'And perhaps it will take one or two months before the landlord and management company start tracing outstanding fees and realise that the tenants will never pay up.' But the degree of risk estate agents take depends on the state of the economy: 'In Hong Kong we have a healthy economy and the market is quite strong to find a replacement tenant.' But for the bankrupt, a new start is not so easy. Existing companies and bankruptcy legislation have long been criticised as outdated. For instance, current bankruptcy provisions are still based on an English law passed in 1914.

Mr Hearder says it is extremely difficult to get a discharge from a bankruptcy order and a bankrupt cannot obtain credit for more than $100.

In September 1990, the Law Reform Commission was asked by the government to review the law and practice relating to the insolvency of individuals and bodies corporate. Professor Ted Tyler, chairman of its insolvency sub-committee, says only two per cent of bankrupts in Hong Kong ever get discharged.

'One of our major recommendations is supposed to provide an automatic discharge [after three years],' says the former district court judge. Also, it is proposed that debt-ridden companies should be given a one-off chance to restructure themselves to avoid insolvency.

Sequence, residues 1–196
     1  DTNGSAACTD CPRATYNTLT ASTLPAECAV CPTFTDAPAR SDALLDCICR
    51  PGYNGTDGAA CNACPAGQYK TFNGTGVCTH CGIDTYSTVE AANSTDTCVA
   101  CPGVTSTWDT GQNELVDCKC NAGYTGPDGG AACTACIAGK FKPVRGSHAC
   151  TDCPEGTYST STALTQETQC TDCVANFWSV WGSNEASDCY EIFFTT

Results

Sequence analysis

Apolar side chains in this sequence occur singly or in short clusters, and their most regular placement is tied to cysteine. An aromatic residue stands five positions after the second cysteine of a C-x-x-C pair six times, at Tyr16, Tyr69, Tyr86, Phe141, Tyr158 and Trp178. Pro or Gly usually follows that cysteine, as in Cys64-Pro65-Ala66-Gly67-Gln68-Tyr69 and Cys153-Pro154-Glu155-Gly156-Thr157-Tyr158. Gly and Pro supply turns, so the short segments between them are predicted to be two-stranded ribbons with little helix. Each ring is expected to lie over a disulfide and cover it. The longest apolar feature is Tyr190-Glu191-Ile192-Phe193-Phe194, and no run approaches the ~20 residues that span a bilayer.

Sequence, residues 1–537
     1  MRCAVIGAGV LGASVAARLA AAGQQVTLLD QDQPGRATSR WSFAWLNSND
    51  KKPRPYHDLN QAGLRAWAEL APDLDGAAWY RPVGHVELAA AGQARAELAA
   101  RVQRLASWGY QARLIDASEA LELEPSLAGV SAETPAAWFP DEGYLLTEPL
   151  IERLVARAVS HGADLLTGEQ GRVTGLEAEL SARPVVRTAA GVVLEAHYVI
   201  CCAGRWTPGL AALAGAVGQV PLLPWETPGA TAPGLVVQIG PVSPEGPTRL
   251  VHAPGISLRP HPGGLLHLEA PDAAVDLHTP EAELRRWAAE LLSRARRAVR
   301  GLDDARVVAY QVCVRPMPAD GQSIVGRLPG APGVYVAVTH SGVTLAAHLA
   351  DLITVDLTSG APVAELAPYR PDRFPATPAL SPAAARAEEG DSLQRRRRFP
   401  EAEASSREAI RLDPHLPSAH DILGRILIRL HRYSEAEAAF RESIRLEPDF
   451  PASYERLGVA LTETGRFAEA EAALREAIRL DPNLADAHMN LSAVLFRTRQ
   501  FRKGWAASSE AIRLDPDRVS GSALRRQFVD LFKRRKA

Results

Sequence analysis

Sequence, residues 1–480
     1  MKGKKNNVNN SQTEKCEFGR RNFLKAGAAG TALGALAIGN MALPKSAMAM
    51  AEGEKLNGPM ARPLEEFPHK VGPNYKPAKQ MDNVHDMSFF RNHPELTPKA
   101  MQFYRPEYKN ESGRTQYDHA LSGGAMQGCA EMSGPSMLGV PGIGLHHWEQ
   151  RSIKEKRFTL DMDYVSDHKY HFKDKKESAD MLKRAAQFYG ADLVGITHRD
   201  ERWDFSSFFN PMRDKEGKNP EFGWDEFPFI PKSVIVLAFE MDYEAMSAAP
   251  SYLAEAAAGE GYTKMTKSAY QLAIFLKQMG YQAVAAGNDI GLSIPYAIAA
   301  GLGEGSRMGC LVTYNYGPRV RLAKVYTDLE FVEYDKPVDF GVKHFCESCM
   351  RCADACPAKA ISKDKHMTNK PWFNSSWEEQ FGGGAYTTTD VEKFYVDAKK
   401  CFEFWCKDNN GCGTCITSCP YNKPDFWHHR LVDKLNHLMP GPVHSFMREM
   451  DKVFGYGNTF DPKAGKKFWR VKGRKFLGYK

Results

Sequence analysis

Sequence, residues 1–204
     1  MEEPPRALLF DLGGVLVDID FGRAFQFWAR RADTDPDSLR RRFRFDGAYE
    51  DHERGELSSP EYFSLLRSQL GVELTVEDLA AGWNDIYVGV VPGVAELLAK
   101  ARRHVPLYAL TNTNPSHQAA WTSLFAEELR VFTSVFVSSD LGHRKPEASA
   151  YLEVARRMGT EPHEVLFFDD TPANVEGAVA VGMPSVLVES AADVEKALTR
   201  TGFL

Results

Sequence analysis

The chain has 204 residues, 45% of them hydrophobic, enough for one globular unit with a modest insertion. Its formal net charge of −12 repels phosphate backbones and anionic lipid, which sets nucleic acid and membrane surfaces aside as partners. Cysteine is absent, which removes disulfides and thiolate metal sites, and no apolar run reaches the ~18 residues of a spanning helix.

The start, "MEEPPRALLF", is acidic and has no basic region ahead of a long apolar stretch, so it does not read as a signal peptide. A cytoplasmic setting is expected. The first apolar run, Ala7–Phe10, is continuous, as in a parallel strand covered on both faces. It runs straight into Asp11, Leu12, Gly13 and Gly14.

Mr Hearder says: 'Basically, [the recommendations] will call for a moratorium on all debts for a period of 30 days, so an outside person can go in to see what can be saved. He'll make a report to the creditors, hopefully, that way, a lot of businesses can be rescued rather than having to go into liquidation.' This recommendation is expected to be completed next month and submitted to the Commission, for consideration.

Other aspects of the sub-committee's work involve ending the common practice of bankrupts disposing of their assets before a bankruptcy petition is filed, and toughening the Companies Ordinance by giving the Government more power to penalise and disqualify company directors who have been convicted of indictable crimes such as fraud.

Meanwhile, protection is always a better cure but there are only a limited number of courses teaching Hong Kong people how to set up and run their business and their legal rights. Mr Hearder would like to see more.

'We go out and give talks to the Labour Department employees on a regular basis. Various conference organisers also run insolvency seminars and we get asked to produce a speaker for one of those seminars, and we are happy to do it,' he says.

'We think it is a very good idea to have more of these courses, but if we are asked to do it on a more frequent basis it'll be difficult because of the time involved.'